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    Trump Campaign’s $63 Million Dwarfed by Biden’s $177 Million

    President Trump’s re-election campaign committee ended September with only $63.1 million in the bank despite canceling some television buys late last month, leaving him badly outmatched financially against Joseph R. Biden Jr., who reported $177.3 million in cash on hand for the final stretch of the campaign.

    New filings with the Federal Election Commission showed the extent of Mr. Trump’s cash troubles, which are severe enough that he diverted time from key battleground states and flew to California on Sunday for a fund-raiser with just over two weeks until Election Day. The president ended September with just over half as much money as he had at the beginning of the month.

    While Mr. Trump’s campaign and its shared committees with the Republican National Committee have raised $1.5 billion since the start of 2019, the disclosures late Tuesday showed that his main re-election committee — the account that must pay for many of the race’s most important costs, including most television ads — had only a small slice remaining.

    All told, Mr. Trump’s campaign and its shared committees with the R.N.C. had $251.4 million entering October, compared with the $432 million that Mr. Biden’s campaign and its joint accounts with the Democratic National Committee had in the bank.

    Fortunes have reversed sharply from this spring, when Mr. Trump and the Republicans had nearly $190 million more in the bank than Mr. Biden and the Democrats did when he emerged as the presumptive Democratic nominee. Now, entering October, Mr. Biden had close to triple as much of the most flexible campaign dollars as the president.

    “The Trump campaign has all the resources we need going into the homestretch of this election,” said Samantha Zager, a spokeswoman for Mr. Trump’s campaign.

    She added, “As Hillary Clinton proved when she outspent us two to one in 2016, no amount of money can buy the presidency.”

    Speaking in Pennsylvania on Tuesday night, Mr. Trump tried to excuse the state of his fund-raising operation. “I could be the king of all fund-raisers,” claimed Mr. Trump, whose campaign has aggressively pursued large contributors, saying he simply did not want to “owe them.”

    Democrats took glee at the diminished size of a war chest that Mr. Trump’s former campaign manager once compared to the Death Star from “Star Wars.” The campaign arm of House Democrats, the Democratic Congressional Campaign Committee, issued a news release with the subject line “DCCC Has More COH Than Trump Campaign,” referring to cash on hand.

    Recent campaign filings show how much more the Trump campaign’s joint operation with the Republican Party is spending to raise its money than Mr. Biden. The two joint Trump committees with the R.N.C. spent $190.8 million in July, August and September to raise $355.2 million.

    The Biden campaign spent less than half as much on fund-raising from its two joint operations with the Democratic Party ($82.4 million) and yet raised far more, $457 million, during that same period.

    Some money from these joint funds is eligible to be transferred back to the candidates’s main campaign committees, but byzantine accounting rules prevent a full accounting of what can be shifted. Mr. Biden had far more money in the accounts that could transfer such funds than Mr. Trump.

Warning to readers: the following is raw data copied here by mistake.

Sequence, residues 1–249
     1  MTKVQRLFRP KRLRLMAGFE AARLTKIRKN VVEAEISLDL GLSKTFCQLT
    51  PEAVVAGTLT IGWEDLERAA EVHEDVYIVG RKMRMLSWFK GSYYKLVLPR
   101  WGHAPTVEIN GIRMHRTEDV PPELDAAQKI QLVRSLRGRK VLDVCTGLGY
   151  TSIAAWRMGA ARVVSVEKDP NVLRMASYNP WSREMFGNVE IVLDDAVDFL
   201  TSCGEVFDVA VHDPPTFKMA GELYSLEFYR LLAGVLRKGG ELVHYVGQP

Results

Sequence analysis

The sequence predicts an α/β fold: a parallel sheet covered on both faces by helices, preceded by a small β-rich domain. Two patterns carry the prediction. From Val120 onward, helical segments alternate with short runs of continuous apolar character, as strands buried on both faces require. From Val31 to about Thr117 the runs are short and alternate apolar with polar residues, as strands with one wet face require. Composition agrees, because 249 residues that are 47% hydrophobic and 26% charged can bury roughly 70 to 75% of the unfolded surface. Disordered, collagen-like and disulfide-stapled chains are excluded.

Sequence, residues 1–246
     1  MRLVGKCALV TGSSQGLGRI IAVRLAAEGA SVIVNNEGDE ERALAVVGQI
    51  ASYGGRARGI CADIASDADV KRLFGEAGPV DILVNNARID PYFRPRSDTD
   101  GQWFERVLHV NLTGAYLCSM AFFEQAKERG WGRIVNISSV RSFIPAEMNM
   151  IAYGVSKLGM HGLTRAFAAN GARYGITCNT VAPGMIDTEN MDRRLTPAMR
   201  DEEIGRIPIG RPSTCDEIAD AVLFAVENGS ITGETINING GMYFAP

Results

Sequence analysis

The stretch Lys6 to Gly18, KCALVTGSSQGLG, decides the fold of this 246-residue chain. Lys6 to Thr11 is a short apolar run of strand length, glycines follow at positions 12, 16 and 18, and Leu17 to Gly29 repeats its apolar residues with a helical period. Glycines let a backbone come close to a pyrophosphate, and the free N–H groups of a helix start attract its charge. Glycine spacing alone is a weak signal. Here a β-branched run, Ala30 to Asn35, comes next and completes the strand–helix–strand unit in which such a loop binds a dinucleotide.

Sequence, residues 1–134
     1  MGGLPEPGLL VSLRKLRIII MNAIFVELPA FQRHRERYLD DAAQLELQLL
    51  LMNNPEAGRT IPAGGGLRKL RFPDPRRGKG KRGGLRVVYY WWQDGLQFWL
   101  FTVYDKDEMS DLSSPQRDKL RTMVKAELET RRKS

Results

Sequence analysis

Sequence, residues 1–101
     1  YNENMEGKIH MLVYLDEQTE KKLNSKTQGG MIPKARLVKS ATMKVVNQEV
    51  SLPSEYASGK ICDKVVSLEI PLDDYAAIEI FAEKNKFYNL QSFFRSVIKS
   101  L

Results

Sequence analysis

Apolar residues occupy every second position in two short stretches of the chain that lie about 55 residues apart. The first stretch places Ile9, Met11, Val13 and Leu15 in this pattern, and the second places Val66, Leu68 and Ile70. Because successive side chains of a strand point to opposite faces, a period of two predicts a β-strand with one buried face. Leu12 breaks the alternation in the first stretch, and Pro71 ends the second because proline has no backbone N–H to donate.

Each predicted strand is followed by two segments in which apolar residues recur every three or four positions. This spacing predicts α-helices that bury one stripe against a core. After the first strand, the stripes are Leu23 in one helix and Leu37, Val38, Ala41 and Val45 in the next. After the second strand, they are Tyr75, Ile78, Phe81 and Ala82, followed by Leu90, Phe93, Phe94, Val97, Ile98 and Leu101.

“Yikes,” Rufus Gifford, one of Mr. Biden’s deputy campaign managers who oversees fund-raising, wrote on Twitter when Mr. Trump’s amount of cash on hand became public. Mr. Gifford added, “Remember when Trump said he would fund his own campaign if he needed to? Well …. He needs to.”

    Mr. Trump’s campaign has been seeking to trim costs for more than two months, since Bill Stepien replaced Brad Parscale as campaign manager.

    Under Mr. Parscale, the campaign spent heavily as it invested in constructing a huge database of email addresses and phone numbers to reach supporters and ask for money. But as the election neared, hopeful projections for a large uptick in contributions have not materialized.

    Mr. Trump’s campaign has been cutting television ads from several critical battlegrounds in recent weeks, including states he is defending; states he had once expected to win fairly comfortably, like Ohio and Iowa; and states he had hoped to flip in 2020, such as Minnesota and New Hampshire.

    This week, the Trump campaign and the R.N.C. announced a combined $55 million ad buy for the final two weeks, with the party supplementing the campaign ads in key states including Arizona, Iowa, Ohio, Michigan, North Carolina, Florida, Pennsylvania, Georgia, Nevada and Wisconsin.

    The R.N.C. entered October with $78.1 million cash on hand, after it had spent $36 million more than it raised in September in its effort to lift Mr. Trump in the final months of the election.

    Other Republican megadonors have donated large sums to super PACs to help Mr. Trump, none more so than Sheldon Adelson, the casino magnate, who along with his wife, Miriam, contributed $75 million to a pro-Trump advertising effort.

    Timothy Mellon, the banking fortune heir, donated $10 million to a different pro-Trump super PAC, along with $21 million from Isaac Perlmutter, the chairman of Marvel Entertainment, and his wife, Laura Perlmutter.

    Also on Tuesday, a Silicon Valley-linked super PAC supporting Mr. Biden, Future Forward PAC, announced $66 million in donations since July, with nearly half of the money coming from dark money groups that do not disclose their donors. The biggest named donor was Dustin Moskovitz, a Facebook co-founder, who gave nearly $22 million. Eric Schmidt, the former chief executive of Google, also contributed $2.5 million to the group in total this year.

    Michael Crowley contributed reporting.

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